Written by gifted storyteller Winston Groom (author of Forrest Gump), The Aviators tells the saga of three extraordinary aviators–Charles Lindbergh, Eddie Rickenbacker, and Jimmy Doolittle–and how they redefine heroism through their genius, daring, and uncommon courage.
This is the fascinating story of three extraordinary heroes who defined aviation during the great age of flight. These cleverly interwoven tales of their heart-stopping adventures take us from the feats of World War I through the heroism of World War II and beyond, including daring military raids and survival-at-sea, and will appeal to fans of Unbroken, The Greatest Generation, and Flyboys. With the world in peril in World War II, each man set aside great success and comfort to return to the skies for his most daring mission yet. Doolittle, a brilliant aviation innovator, would lead the daring Tokyo Raid to retaliate for Pearl Harbor; Lindbergh, hero of the first solo flight across the Atlantic, would fly combat missions in the South Pacific; and Rickenbacker, World War I flying ace, would bravely hold his crew together while facing near-starvation and circling sharks after his plane went down in a remote part of the Pacific. Groom’s rich narrative tells their intertwined stories–from broken homes to Medals of Honor (all three would receive it); barnstorming to the greatest raid of World War II; front-page triumph to anguished tragedy; and near-death to ultimate survival–as all took to the sky, time and again, to become exemplars of the spirit of the “greatest generation.”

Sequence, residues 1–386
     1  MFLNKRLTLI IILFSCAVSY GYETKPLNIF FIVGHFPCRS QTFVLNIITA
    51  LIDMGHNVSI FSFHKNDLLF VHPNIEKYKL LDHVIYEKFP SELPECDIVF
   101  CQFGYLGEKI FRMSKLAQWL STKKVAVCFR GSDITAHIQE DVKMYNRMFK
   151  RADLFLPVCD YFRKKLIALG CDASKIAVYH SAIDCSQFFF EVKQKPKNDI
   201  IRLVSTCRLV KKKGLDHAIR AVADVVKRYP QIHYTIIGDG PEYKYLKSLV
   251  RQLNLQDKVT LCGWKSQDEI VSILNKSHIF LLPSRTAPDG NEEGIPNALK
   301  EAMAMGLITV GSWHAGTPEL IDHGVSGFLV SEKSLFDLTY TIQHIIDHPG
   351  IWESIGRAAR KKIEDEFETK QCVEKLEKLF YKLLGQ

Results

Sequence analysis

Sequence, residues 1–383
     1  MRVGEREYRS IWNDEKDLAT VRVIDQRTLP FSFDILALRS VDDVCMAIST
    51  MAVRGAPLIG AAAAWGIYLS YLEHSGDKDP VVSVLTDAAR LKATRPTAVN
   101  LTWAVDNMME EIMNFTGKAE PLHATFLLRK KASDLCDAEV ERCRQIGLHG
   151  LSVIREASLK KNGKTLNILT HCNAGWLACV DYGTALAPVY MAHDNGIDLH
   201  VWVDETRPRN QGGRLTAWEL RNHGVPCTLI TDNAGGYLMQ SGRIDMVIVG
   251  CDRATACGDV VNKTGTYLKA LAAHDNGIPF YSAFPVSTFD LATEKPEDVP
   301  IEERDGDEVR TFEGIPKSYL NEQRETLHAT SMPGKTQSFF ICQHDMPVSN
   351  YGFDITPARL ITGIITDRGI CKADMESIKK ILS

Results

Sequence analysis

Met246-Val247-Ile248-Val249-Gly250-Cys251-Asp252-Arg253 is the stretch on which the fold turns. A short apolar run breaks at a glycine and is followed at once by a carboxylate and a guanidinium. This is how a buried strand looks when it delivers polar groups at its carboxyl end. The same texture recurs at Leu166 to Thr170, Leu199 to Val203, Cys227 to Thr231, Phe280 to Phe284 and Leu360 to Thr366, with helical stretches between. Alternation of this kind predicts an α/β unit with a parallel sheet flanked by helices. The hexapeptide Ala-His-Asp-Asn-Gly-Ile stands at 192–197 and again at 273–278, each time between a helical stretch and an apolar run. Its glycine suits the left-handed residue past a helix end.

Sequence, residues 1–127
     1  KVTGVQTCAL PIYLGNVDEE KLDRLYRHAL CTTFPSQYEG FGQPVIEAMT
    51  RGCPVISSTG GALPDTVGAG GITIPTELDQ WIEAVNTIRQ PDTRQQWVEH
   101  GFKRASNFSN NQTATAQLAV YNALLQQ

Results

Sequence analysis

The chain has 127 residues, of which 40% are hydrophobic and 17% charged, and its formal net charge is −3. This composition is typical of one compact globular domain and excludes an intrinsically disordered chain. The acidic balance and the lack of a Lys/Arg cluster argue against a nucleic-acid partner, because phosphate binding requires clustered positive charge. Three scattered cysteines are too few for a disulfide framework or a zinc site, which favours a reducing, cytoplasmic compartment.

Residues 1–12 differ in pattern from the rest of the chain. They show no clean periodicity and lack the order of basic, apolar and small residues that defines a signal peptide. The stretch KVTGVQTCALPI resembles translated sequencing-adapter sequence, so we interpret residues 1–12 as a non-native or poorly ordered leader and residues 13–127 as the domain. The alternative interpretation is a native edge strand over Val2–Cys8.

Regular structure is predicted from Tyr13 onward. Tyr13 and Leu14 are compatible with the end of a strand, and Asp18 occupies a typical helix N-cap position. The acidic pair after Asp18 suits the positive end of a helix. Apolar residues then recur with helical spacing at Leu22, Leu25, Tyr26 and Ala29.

U.S. naval intelligence was aware that the Japanese had established a defensive picket line of ships about three hundred miles off its eastern coasts; it was not aware, though, that they had established a second early warning line of shing boats about seven hundred miles out. This was what the task force had encountered.
Halsey, in the Enterprise, sent the cruiser Nashville to deal with the offending picket (later identied the seventy-ton Nitto Mam), and soon Nashville’s big guns roared to life. People on the other ships ran to the sides to see what was going on. Less than two miles away in the mist lay the Japanese vessel. By then, on the carriers, there was no doubt – if they could see it, surely it could see them. Radio scanners on all ships were picking up messages in Japanese code.
It turned out not to be a glorious day for American gunnery. In the thirty-foot swells the enemy boat was bobbing so much it took an amazing 934 six-inch shells before one finally hit and blew the bows off the enemy boat, sinking her.
A Japanese survivor who was fished out of the water told of how he had spotted the American task force and ran to his captain’s quarters to report “two beautiful Japanese carriers” passing by. The captain went topside and after taking a look said to the seaman, “Yes, they are beautiful, but they are not ours.” Then, according to the sailor, after ordering the radioman to signal the warning, the captain “returned to his cabin and shot himself in the head.”
Doolittle and the navy task force were in a nasty predicament. Halsey had wanted to get Doolittle and his bombers inside four hundred miles off the Japanese coast, but they were still eight or nine steaming hours away from that point. Japanese bombers were certainly being scrambled at this moment. Doolittle’s bombers’ fuel had been calculated down to nearly the last drop to get them to Japan and then to China.
Worse, almost, instead of arriving over Japanese cities at night when they were fairly safe from Japanese ghters and antiaircraft, they would arrive in broad daylight; worse still, they would arrive over China at night. Doolittle did not hesitate. Within moments the Klaxon sounded and Hornefs loudspeakers blared, “Army pilots man your planes!”
At the Hashirajima naval base near Hiroshima, the chief of staff to Admiral Isoroku Yamamoto, ]apan’s supreme naval commander, received word of the presence of the American ships and ordered his entire fleet to converge on the coordinates where the unfortunate Iapanese fishing boat reported its location. This included an enormous five carrier fleet under Admiral Chuichi Nagumo, who had been in command during the Pearl Harbor attack.